Saturday, November 06, 2004

How and why?

When I was a kid, the "how and why" books were among my favorites at the school library. First of all, they were interesting, encompassing many subjects so if one book didn't do it for you very likely another one would. Secondly, they didn't talk down to you, like so many books written for children, but rather spoke plainly but directly on the given topic. Third, well... there really wasn't much competition, given how limited and meager size and breadth of the grade school library collection.

When debating the 'how and why' of the latest election debacle, we should try and remain true to the principles I've identified above. First of all, we should try and take into account the wide range of possible explanations that might explain it. Secondly, we should follow Occam's razor: the simplest, most direct explanation is typically the correct one. And thirdly, we need to take into account the origin and quality of competing explanations.

Sadly, Secular Blasphemy, which can usually be counted on for provocative if not necessarily intelligent takes on issues, fails on all three counts. He fails to address all of the information that is out there, particularly the extensive exit poll data from CNN, in dismissing the importance of 'values voters' and embracing the notion the Bush won due to his on-the-job 'performance,' particularly with regard to terrorism. Secondly, in discarding what our 'lying eyes' tell us regarding the impact of religion and 'values voters,' he discards Occam's razor for an overly intellectualized analysis: in plain English, for a 'rationalization.' Thirdly, he fails to take into account the origin of the revisionist history. Listening to David Brooks is one thing, actually believing that anything he writes is not for the express purpose of pushing the 'Moralist-Leninist' line of God's Official Party (GOP) is quite another. If Brooks is pushing a line of interpretation, then you can be sure the GOP has a reason for his doing so. And in this case the GOP is terrified of the idea that people will realize that the flat-earthers won them the election, because that identifies the GOP with the anti-evolution core of their party, which is not the image they wish to project.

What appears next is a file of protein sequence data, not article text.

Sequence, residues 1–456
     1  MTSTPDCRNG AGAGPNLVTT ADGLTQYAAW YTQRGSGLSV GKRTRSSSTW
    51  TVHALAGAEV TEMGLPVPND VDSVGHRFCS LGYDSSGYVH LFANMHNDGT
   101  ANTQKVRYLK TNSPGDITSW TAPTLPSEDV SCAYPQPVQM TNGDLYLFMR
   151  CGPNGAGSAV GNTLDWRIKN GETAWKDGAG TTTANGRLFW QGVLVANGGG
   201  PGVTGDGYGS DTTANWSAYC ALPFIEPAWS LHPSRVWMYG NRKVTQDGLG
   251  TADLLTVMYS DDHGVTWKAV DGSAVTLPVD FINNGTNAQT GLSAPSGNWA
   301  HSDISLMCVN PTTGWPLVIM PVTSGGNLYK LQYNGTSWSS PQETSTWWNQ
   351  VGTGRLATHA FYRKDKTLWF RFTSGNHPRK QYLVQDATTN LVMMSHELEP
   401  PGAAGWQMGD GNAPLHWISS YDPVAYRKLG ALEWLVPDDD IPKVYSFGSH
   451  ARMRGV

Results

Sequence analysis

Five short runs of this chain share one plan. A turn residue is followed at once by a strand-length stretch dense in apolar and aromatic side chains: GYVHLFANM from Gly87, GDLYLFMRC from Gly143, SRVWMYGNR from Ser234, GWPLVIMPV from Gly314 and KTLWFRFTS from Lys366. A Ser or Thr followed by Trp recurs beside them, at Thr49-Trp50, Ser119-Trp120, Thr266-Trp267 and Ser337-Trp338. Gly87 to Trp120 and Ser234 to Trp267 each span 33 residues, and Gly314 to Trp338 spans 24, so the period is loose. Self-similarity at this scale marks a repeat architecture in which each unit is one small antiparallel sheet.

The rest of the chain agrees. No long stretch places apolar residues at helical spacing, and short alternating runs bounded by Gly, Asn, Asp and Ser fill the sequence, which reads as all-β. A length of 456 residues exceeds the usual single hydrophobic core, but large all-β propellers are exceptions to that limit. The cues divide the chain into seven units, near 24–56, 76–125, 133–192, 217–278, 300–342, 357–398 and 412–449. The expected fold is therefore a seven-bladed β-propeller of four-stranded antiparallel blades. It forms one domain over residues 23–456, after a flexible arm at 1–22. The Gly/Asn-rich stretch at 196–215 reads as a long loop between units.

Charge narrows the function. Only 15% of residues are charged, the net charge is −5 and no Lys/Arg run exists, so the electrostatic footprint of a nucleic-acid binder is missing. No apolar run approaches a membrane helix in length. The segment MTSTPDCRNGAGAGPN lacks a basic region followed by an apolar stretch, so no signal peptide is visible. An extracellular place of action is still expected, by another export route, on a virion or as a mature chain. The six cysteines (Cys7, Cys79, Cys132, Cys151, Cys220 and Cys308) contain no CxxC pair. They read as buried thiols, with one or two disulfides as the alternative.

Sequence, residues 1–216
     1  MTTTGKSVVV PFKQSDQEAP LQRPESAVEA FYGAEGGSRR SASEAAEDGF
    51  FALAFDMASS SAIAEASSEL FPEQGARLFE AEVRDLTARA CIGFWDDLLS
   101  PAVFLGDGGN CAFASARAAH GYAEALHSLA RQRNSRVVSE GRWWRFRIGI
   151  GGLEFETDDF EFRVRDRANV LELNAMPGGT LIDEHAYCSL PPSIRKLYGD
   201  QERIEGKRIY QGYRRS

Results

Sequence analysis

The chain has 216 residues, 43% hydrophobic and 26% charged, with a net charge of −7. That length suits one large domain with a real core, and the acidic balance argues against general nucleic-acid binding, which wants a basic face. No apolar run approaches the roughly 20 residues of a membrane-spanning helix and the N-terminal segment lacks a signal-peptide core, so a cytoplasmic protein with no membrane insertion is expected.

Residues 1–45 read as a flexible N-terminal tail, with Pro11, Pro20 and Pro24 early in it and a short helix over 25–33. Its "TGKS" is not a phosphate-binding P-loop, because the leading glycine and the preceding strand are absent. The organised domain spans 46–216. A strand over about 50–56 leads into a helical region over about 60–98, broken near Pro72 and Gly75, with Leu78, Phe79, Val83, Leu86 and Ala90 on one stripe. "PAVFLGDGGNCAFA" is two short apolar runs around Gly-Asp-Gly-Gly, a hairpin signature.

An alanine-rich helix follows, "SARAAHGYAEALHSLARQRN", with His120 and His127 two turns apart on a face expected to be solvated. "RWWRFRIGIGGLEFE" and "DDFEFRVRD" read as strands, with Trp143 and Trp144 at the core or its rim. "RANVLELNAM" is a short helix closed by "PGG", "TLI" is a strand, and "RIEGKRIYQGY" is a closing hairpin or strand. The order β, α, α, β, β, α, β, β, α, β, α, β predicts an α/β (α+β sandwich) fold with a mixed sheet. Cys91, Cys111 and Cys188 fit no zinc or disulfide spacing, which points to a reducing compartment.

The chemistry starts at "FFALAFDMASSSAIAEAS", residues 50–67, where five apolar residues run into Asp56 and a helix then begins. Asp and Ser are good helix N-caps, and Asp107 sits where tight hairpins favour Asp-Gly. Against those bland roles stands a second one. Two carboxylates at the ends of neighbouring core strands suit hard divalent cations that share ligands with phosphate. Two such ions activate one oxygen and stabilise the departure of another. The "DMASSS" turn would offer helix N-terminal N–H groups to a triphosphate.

Now, of course, it is true that red-neck fear and loathing of a lesbian planet is what propelled Dubya to victory. But that is not the explanation that comports with the image that the GOP wants reinforced. This should not surprise us, since the same principle is at work in their depiction of the splendid little war in Iraq and the the state of the national finances: truth is sacrificed for the sake of greater good: the good of the GOP, that is.

After all, it is only the cheese-eating, wine-sipping, effete, liberal surrender-monkeys that must be tagged with unflattering stereotypes. And by swallowing--as we say in English: hook, line and sinker--the disinformation being peddled by the usual suspects, Secular Blasphemy has played a small but essential part in legitimizing the machinations of the GOP propaganda machine.

That is the how, now the why.

The usual reward of revisionism is inflated feelings of intellectual superiority. The forbidden pleasure of intellectual sin is the feeling that somehow you have uncovered a 'truth' hidden in plain sight--hence the endless allure of revisionism. This applies even if others have also shared your insight; in fact, these others help 'validate' it--just so long as the revisionist position is controversial and over-intellectualized. Add to that the malicious shadenfreude implicit in the cheap shot taken at Daily Kos for even suggesting that the Dems push back (rather than roll over and play dead) on the 'mandate' spin wars. Intellectual vanity and shadenfreude: we've got a poisonous brew steeping!

A mind is a terrible thing to waste, but it is often the vanity of intellectuals that often leads to their own--unknowing--self-prostitution in the service of a far larger lie. The work of Rudyard Kipling comes to mind...